El-Mossalamy, E. H.; Obaid, A. Y.; El-Daly, S. A.

    2011-10-01

    The optical properties including electronic absorption spectrum, emission spectrum, fluorescence quantum yield, and dipole moment of electronic transition of 7-diethylaminocoumarin (DEAC) laser dye have been measured in different solvents. Both electronic absorption and fluorescence spectra are red shifted as the polarity of the medium increases, indicating that the dipole moment of molecule increases on excitation. The fluorescence quantum yield of DEAC decreases as the polarity of solvent increases, a result of the role of solvent polarity in stabilization of the twisting of the intramolecular charge transfer (TICT) in excited state, which is a non-emissive state, as well as hydrogen bonding with the hetero-atom of dye. The emission spectrum of DEAC has also been measured in cationic (CTAC) and anionic (SDS) micelles, the intensity increases as the concentration of surfactant increases, and an abrupt change in emission intensity is observed at critical micelle concentration (CMC) of surfactant. 2×10 -3 mol dm -3 of DEAC gives laser emission in the blue region on pumping with nitrogen laser ( λex=337.1 nm). The laser parameters such as tuning range, gain coefficient ( α), emission cross section ( σe), and half-life energy have been calculated in different solvents, namely acetone, dioxane , ethanol, and dimethyforamide (DMF). The photoreactivity of DEAC has been studied in CCl 4 at a wavelength of 366 nm. The values of photochemical yield ( ϕc) and rate constant ( k) are determined. The interaction of organic acceptors such as picric acid (PA), tetracyanoethylene (TCNE), and 7,7,8,8-tetracynoquinonedimethane (TCNQ) with DEAC is also studied using fluorescence measurements in acetonitrile (CH 3CN); from fluorescence quenching study we assume the possible electron transfer from excited donor DEAC to organic acceptor forming non-emissive exciplex.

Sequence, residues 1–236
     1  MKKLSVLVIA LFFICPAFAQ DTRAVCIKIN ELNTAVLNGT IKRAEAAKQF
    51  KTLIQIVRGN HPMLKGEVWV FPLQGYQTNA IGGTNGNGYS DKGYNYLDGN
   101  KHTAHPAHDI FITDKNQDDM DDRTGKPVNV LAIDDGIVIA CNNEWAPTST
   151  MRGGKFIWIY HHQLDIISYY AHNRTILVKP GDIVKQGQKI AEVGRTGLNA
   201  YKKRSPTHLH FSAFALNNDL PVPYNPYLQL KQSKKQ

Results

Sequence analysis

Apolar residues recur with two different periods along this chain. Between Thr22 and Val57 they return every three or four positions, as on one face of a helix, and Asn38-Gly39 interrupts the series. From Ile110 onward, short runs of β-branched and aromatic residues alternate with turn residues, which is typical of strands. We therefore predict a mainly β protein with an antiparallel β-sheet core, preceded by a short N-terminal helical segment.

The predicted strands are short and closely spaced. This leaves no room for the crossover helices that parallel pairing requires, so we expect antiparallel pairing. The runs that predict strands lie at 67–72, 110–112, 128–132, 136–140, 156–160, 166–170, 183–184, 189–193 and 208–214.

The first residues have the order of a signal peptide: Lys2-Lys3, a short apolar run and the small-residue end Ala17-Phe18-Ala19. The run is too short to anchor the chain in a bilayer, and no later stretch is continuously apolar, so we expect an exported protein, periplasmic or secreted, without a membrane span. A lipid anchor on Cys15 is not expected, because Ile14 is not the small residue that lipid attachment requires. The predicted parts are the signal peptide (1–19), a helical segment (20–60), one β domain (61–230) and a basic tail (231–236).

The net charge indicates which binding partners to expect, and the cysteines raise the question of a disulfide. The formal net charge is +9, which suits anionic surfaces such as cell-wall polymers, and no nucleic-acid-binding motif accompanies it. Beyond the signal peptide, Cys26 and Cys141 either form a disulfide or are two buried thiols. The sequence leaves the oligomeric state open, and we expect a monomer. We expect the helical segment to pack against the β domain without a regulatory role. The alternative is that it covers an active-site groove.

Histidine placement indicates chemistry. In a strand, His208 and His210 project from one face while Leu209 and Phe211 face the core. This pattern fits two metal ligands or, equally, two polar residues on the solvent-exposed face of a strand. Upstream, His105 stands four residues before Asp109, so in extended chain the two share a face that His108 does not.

4. Comparison of fluorescent intercalating dyes for quantitative loop-mediated isothermal amplification (qLAMP).

    PubMed

    Oscorbin, Igor P; Belousova, Ekaterina A; Zakabunin, Aleksandr I; Boyarskikh, Ulyana A; Filipenko, Maksim L

    2016-01-01

    Real-time or quantitative loop-mediated isothermal amplification (qLAMP) is a promising technique for the accurate detection of pathogens in organisms and the environment. Here we present a comparative study of the performance of six fluorescent intercalating dyes-SYTO-9, SYTO-13, SYTO-82, SYBR Green I, SYBR Gold, EvaGreen-in three different qLAMP model systems. SYTO-9 and SYTO-82, which had the best results, were used for additional enzyme and template titration studies. SYTO-82 demonstrated the best combination of time-to-threshold (Tt) and signal-to-noise ratio (SNR). PMID:27401670

  5. Characterization of type I collagen fibril formation using thioflavin T fluorescent dye.

    PubMed

    Morimoto, Koichi; Kawabata, Kazuya; Kunii, Saori; Hamano, Kaori; Saito, Takuya; Tonomura, Ben'ichiro